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c. 1500 B.C. King Agamemnon
How did the Greeks shape our culture?
When you go to a theater, laugh at a comedy, or cry at a tragedy, you are using words and ideas from ancient Greece. Theaters, like the one in Taormina, Italy, shown here, were carved out of hillsides and had such good acoustics that audiences of up to 14,000 could hear the actors and chorus. In this chapter you will learn how the Greeks continue to influence our culture today.
• What impact did the Mediterranean climate have on Greek buildings?
• How do our stadiums and theaters resemble Greek theaters?
c. 1900 B.C. Peak of Minoan civilization
776 B.C. First Olympic Games held
1500 B.C. 1000 B.C.
Section 1 Early Civilizations in Greece
Section 2 The Greek City-States
Section 3 Classical Greece
Section 4 The Culture of Classical Greece
Section 5 Alexander and the Hellenistic Era
Ancient Greece 1900–133 B.C.
104 Archivo Iconografico, S.A./CORBIS, Peter Barritt/Alamy Images
WHO? WHA T?
Organizing Review the text for information about the Hellenistic Era and then create a Shutter Fold to organize facts about the era and Alexander the Great.
Chapter Overview—Visit glencoe.com to preview Chapter 4.
500 B.C. Height of
499 – 479 B.C. Persian Wars
431– 404 B.C. Spartans fought Athenians in the Peloponnesian War
323 B.C. Death of
Alexander the Great
Peter Barritt/Alamy Images, (t) Art Archive/Eton College/Dagli Orti, (b) Museum of Fine Arts, Houston/Bridgeman Art Library
GUIDE TO READING
The BIG Idea Physical Geography The earliest Greek civilizations that appeared in the second millennium B.C. were influenced by their physical environment.
Content Vocabulary • epic poem (p. 111) • arete (p. 111)
Academic Vocabulary • participate (p. 106) • debated (p. 109)
People, Places, and Events • Aegean Sea (p. 107) • Minoan (p. 108) • Black Sea (p. 107) • Mycenaean (p. 109) • Bronze Age (p. 108) • Homer (p. 109) • Crete (p. 108) • Ionia (p. 110)
Reading Strategy Compare and Contrast As you read, create a diagram like the one below to help you study the Minoan and Mycenaean civilizations.
Early Civilizations in Greece During the third millennium B.C., the island of Crete was
home to the most advanced civilization in Europe. Although Minoan Crete was not Greek, it did have some influence on the first Greek state. The story of ancient Greek civilization begins when a group of Greek-speaking Indo-European people moved into Greece around 1900 B.C. The Mycenaeans provided the inspiration for Homer’s epics and paved the way for the political and cultural developments of Greece in the first millennium B.C.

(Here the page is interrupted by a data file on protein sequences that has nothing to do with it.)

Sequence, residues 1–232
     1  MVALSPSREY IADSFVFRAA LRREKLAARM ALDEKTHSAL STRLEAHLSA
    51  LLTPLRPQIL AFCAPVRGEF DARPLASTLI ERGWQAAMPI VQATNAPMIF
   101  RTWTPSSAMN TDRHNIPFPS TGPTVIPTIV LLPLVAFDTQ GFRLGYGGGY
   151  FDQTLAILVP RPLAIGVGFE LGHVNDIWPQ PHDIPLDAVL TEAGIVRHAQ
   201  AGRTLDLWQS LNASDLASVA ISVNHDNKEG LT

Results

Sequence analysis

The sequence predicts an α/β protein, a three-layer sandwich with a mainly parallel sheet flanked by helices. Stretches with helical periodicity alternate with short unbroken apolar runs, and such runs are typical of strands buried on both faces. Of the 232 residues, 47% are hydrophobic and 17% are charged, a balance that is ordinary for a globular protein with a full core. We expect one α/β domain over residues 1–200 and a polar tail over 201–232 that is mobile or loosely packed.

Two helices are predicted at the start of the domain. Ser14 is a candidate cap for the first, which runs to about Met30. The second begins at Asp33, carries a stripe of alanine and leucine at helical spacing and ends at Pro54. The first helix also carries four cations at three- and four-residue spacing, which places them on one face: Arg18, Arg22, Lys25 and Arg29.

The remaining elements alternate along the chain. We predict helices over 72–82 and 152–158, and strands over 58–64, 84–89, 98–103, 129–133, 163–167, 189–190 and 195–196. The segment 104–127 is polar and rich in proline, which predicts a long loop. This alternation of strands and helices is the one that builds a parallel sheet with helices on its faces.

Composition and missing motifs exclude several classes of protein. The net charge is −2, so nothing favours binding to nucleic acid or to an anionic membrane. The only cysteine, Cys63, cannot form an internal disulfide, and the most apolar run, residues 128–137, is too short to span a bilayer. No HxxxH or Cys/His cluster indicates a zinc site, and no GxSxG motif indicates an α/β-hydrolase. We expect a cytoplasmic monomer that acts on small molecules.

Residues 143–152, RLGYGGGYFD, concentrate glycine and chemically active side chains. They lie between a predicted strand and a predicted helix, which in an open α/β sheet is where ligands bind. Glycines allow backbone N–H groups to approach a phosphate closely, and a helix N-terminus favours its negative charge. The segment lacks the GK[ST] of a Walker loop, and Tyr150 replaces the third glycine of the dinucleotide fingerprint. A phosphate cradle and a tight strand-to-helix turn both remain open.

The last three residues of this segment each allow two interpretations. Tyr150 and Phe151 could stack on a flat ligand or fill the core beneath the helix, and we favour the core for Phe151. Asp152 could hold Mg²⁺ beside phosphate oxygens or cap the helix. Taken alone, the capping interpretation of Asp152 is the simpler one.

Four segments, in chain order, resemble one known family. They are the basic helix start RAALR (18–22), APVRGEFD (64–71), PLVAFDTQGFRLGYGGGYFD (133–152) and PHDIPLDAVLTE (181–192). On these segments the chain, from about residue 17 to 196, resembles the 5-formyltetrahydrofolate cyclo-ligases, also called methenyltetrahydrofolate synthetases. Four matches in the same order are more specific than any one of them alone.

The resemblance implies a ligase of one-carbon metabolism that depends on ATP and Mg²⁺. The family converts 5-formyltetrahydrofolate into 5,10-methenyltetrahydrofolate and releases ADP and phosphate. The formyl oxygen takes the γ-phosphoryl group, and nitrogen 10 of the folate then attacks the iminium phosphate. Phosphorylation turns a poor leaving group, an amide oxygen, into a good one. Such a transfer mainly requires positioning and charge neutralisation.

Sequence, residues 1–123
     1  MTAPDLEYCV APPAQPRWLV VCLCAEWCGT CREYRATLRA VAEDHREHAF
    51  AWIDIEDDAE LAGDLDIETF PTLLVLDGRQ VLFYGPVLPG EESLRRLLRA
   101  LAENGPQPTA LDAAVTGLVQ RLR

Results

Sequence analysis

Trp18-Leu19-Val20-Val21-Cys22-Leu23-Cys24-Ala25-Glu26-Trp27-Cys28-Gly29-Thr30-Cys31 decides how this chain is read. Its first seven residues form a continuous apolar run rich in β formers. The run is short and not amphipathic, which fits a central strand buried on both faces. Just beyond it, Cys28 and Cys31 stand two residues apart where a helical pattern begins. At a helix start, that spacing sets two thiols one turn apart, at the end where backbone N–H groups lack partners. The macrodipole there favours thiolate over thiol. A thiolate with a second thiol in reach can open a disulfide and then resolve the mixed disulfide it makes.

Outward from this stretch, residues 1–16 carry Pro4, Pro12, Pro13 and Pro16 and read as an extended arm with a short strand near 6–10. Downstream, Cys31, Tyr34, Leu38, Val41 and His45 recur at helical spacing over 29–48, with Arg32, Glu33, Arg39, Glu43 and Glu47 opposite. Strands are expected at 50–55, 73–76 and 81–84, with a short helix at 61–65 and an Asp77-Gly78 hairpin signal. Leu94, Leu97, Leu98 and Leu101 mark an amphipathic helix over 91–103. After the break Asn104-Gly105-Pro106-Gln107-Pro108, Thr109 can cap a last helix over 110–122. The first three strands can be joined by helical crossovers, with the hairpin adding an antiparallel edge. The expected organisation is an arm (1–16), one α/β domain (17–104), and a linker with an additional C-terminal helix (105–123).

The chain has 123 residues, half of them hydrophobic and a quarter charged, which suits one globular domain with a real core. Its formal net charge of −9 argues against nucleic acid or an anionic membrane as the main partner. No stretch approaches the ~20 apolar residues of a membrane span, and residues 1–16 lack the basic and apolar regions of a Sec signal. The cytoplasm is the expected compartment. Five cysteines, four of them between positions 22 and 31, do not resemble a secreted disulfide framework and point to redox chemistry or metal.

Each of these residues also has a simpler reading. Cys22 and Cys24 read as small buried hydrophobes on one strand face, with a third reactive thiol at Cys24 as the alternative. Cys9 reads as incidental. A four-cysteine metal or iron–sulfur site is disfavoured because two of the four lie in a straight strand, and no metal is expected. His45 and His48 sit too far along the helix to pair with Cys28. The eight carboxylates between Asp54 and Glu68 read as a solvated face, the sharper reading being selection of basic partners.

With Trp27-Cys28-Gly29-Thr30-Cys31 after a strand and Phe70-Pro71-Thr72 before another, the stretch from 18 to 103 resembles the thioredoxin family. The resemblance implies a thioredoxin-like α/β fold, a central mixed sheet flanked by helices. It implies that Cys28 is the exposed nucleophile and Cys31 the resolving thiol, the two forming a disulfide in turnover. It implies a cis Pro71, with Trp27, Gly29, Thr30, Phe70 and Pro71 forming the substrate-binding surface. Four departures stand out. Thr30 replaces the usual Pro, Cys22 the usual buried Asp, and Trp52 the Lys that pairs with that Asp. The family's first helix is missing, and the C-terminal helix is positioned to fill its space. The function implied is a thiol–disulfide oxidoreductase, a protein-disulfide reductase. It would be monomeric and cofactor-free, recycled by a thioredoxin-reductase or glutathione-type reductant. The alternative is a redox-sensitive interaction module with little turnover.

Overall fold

The Impact of Geography The mountains that divided Greece led to cultural and political divi- sions between Greeks. However, the seas linked Greece to the rest of the world.
HISTORY & YOU How does the physical geography of your town influence life in your community? What physical features affect your everyday life? Read about the effects of geography on development of Greek civilization.
Geography played an important role in the development of Greek civilization. Compared with the landmasses of Mesopota- mia and Egypt, Greece occupies a small area. It consists of a mountainous peninsula and numerous islands that encompass about 50,000 square miles (about 129,500 square km) of terri- tory—about the size of the state of Louisiana. The mountains and the sea played especially significant roles in the development of Greek history.
Mountains Two peninsulas make up much of the Greek landmass. The
Isthmus of Corinth connects the Peloponnese peninsula to the mainland. About 80 percent of Greece is mountainous. Olympus is the highest peak in the Pindus Mountains, which divide the mainland. Much of Greece consists of small plains and river val- leys surrounded by high mountain ranges from 8,000 to 10,000 feet (2,438 to 3,048 m) high. These mountains isolated Greeks from one another, causing different Greek communities to develop their own ways of life.
Over a period of time, these communities became fiercely inde- pendent. It is probable that the small size of these independent communities encouraged people to participate in political affairs. On the other hand, the rivalry between the communities led to warfare that devastated Greek society.